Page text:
He bears an odd resemblance to Ratso, the consumptive streetwise hustler Dustin Hoffman portrayed in Midnight Cowboy. Ratso, however, did not survive the bus ride and never made it to Florida. A bit taller, a bit older, but with the same hawkish, hungry, bug-eyed look, Joseph E. Granville made it all the way from Yonkers, N.Y., to Caesars Palace, Las Vegas, via Holly Hill, Fla., and earned $6.5 million on the way, telling anyone who would listen they were losers.By Stephen Williams9 min
A pig is not such an unusual sight to see strolling jauntily alongside the barns at the fairgrounds in Aylmer, a small southern Ontario town. But its companion is another matter, a young man wearing a squashed hat, who leans down every now and then to exchange a kiss with the little pink beast.By Anne Collins5 min
The “George” is back. The aged but still elegant phoenix of the West Coast’s inland passage to Alaska, the former CN cruise ship is being restored to duty, rising from a half-decade of oblivion and near extinction. Beginning in 1948, the stubby-bowed queen of the Vancouver-to-Alaska run carried more than 100,000 eager passengers on a romantic voyage to Skagway, back to the Gold Rush days of ’98.By Wayne Skene5 min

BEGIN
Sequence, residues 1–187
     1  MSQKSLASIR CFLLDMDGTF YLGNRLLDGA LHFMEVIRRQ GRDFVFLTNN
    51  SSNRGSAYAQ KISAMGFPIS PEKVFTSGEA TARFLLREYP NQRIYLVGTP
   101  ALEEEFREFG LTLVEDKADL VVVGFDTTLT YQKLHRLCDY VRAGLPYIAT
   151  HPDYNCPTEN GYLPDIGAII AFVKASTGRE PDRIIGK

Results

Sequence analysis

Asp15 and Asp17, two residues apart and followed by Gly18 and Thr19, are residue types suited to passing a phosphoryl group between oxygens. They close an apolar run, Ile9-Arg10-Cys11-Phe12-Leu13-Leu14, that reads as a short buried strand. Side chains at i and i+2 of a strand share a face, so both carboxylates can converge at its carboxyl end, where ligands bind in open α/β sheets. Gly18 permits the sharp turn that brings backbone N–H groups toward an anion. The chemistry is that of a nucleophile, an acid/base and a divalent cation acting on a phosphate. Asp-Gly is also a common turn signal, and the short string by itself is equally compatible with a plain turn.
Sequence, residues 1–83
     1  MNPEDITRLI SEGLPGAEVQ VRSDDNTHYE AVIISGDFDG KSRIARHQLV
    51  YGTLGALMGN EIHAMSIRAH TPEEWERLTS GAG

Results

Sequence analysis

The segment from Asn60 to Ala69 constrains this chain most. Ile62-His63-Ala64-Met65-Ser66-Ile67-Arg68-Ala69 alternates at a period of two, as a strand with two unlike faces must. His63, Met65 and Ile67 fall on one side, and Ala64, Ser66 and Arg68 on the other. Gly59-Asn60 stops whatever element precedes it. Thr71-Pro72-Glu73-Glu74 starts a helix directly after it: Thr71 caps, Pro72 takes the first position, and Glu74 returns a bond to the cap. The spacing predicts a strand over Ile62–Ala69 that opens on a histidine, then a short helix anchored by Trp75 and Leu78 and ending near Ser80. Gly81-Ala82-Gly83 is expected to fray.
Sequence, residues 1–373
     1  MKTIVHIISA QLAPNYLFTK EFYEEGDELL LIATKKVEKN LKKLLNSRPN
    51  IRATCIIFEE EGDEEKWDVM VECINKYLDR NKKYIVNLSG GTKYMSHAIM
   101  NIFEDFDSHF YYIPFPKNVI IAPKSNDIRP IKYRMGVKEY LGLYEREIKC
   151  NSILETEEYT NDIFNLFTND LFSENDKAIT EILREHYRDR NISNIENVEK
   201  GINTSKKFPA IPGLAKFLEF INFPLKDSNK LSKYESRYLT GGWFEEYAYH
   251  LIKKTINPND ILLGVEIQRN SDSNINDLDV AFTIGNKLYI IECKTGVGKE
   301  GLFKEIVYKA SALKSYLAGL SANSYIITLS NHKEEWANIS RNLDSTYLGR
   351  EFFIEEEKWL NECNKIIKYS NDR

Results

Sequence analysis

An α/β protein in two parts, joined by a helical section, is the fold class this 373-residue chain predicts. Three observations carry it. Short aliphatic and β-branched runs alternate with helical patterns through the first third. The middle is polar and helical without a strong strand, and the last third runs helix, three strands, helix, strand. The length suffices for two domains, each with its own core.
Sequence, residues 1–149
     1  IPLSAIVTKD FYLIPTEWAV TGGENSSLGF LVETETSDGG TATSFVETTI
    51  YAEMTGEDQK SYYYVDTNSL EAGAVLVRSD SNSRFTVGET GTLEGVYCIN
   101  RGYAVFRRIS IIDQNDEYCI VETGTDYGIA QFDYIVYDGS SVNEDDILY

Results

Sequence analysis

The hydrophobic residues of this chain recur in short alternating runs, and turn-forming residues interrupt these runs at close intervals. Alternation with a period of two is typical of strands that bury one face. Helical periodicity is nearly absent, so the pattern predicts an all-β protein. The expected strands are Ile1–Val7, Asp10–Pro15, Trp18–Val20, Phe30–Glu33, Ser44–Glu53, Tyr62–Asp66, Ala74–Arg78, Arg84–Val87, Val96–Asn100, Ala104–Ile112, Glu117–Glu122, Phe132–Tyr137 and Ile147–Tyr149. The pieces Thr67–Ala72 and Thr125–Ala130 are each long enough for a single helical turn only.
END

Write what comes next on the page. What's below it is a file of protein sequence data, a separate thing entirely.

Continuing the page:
New Brunswick has deservedly earned a reputation as Canada’s Picture Province and, at the same time, it’s remained a place where travellers may enjoy beauty without the crowds and hustle that have become characteristic of many popular vacation destinations.
It all began innocently enough in Vancouver when University of British Columbia Professor William Polglase decided to fight his estranged wife’s court action. His lawyer, Donald Moir, argued that Rosemary Polglase’s applications in provincial family court for custody of their 14-year-old son, a restraining order against her husband and sole occupancy of the matrimonial home were not within that court’s jurisdiction.By Thomas Hopkins4 min
Following so closely on the heels of the John Lennon murder, this latest assassination attempt on an American president is sure to raise a great hue and cry for laws against fire-arms. What about the people who pull the triggers? Is it not a cop-out to zealously attack an easily identifiable object and ignore the complex psychological/social problems that cause these people to become assassins? -WESLEY VAN NEST,
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